How Many Sexes Are There?

How Many Sexes Are There?

The Sleeping Hermaphroditus (Museo Palazzo Massimo Alle Terme).
The issue of gender verification is not new to competitive sports. Yet how can we define biological sex? And how many sexes are there? As the 2016 Rio Olympic Games get underway, CNRS News explores this sensitive and complicated topic.

Whether swimming, running, rowing, jumping or throwing, 10,500 athletes from 206 countries will be bent on setting the world of sport alight at the Rio Olympics from August 5 to 21. Yet these Games could be marred by disputes over the sex of female competitors whose shoulders are just a touch too large or whose hips are a tad too narrow… Throughout the history of the Games, there has been a long list of sportswomen whose physical appearance is at odds with the standard canons of femininity. But what indeed constitutes a “real” woman in biological terms? The simple genetic formula “XX” with its two X chromosomes is only part of the story.

After grappling with this thorny question for many a long year, the governing bodies of sport, convinced that none of the femininity tests (gynecological examination, screening for certain genes, etc.) performed since the 1960s have been effective, decided in 2000 quite simply to end such controls. But gender verification did not end altogether, since the International Olympic Committee (IOC) retains the right to insist on hormone tests in cases of “visual doubt.” If such tests revealed excessive secretion of androgens (male hormones), particularly testosterone (which causes masculine traits to appear), the athlete concerned must take remedial steps, using hormone therapy for instance, to be eligible to line up against other female competitors.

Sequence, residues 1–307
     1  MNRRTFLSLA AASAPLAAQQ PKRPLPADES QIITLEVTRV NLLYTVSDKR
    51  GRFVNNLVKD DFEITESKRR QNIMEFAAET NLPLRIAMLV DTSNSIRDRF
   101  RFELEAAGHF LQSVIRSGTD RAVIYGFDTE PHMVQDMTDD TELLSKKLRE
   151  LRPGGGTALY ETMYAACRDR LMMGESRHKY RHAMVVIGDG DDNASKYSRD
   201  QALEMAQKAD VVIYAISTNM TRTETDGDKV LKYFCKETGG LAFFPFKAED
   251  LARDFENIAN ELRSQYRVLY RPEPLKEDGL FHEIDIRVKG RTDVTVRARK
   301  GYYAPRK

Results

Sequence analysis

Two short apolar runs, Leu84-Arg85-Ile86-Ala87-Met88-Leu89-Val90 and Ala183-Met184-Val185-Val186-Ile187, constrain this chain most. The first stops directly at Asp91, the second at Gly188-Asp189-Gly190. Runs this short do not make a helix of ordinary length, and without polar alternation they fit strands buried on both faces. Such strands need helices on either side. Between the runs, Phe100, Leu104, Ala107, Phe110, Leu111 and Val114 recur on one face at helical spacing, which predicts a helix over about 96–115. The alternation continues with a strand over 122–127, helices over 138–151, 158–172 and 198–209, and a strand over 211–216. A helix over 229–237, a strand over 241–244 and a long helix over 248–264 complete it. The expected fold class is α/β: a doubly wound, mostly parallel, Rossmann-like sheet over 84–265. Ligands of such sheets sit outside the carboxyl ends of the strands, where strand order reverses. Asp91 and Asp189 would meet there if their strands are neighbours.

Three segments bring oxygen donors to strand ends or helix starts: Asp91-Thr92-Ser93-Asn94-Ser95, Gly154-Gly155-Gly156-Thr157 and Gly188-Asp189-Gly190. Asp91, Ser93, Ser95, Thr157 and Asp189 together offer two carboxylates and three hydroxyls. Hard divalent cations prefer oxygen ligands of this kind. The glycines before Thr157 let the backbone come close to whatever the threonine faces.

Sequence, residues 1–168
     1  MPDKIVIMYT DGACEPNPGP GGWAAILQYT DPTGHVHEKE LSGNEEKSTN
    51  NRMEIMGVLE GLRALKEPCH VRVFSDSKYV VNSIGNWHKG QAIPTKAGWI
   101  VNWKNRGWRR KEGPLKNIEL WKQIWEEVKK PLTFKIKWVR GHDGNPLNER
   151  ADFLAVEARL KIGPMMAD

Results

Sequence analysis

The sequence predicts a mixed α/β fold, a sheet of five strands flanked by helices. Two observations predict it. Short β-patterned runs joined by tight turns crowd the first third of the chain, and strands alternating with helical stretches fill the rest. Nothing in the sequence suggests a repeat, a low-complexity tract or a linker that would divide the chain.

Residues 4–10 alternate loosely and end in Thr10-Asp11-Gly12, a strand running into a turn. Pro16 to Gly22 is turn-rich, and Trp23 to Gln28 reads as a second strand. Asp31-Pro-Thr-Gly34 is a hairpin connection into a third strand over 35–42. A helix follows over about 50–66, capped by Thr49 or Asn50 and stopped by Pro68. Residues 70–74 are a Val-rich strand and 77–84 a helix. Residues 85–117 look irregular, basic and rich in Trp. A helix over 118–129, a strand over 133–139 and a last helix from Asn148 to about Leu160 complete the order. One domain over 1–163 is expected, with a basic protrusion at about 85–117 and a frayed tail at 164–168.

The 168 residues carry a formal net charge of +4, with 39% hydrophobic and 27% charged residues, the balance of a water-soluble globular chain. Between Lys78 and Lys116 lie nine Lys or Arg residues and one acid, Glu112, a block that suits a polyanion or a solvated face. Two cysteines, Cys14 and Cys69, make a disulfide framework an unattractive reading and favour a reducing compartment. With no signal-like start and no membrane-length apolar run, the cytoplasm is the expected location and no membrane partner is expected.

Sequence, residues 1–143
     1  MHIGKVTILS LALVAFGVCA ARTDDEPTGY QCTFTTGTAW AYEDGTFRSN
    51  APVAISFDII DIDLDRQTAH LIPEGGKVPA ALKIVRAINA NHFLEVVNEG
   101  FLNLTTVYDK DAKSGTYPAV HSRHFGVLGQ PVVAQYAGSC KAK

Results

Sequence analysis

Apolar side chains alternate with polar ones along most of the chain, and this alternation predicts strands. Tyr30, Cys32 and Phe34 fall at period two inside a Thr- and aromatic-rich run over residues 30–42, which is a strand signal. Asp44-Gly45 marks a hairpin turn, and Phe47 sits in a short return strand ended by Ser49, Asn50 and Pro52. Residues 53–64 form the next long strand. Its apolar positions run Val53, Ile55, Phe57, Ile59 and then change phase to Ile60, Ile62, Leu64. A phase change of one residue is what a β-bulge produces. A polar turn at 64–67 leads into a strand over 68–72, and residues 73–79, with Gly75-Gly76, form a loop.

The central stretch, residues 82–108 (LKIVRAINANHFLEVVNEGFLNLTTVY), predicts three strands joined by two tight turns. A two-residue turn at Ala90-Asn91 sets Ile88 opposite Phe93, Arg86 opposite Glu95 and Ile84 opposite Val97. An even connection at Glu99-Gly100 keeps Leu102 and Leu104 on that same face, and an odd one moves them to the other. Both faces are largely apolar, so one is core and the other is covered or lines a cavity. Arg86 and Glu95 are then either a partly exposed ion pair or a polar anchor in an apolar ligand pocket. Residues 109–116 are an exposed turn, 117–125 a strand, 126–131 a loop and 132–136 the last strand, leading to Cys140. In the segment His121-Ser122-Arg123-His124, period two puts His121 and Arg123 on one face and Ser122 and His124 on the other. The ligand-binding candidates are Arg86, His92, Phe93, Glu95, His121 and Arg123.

A complex mechanism

So will these rules apply in Rio? This is by no means certain since Indian sprinter Dutee Chand, who was diagnosed as hyperandrogenic following gender testing and forced to withdraw from the 2014 Commonwealth Games, brought her case before the Court of Arbitration for Sport (CAS). “At the request of this body, the International Association of Athletics Federations (IAAF) decided to suspend the regulations governing hormonal tests for two years. And the IOC is known to rigorously adhere to the positions of the IAAF,” notes Anaïs Bohuon, senior lecturer at the UFR STAPS at Paris Sud University. “Many observers question whether testosterone levels can be used to set the dividing line between male and female gender and as a basis for requiring that female athletes with hyperandrogenism must ″normalize″ their hormone levels.1 Dutee Chand, who feels she is a woman in all respects and has no desire to compete with male athletes, has unusually high testosterone levels that occur endogenously and without doping. Why then should a natural advantage comparable with that of large feet in swimmers or a high waist in jumpers be labeled as non-femininity?”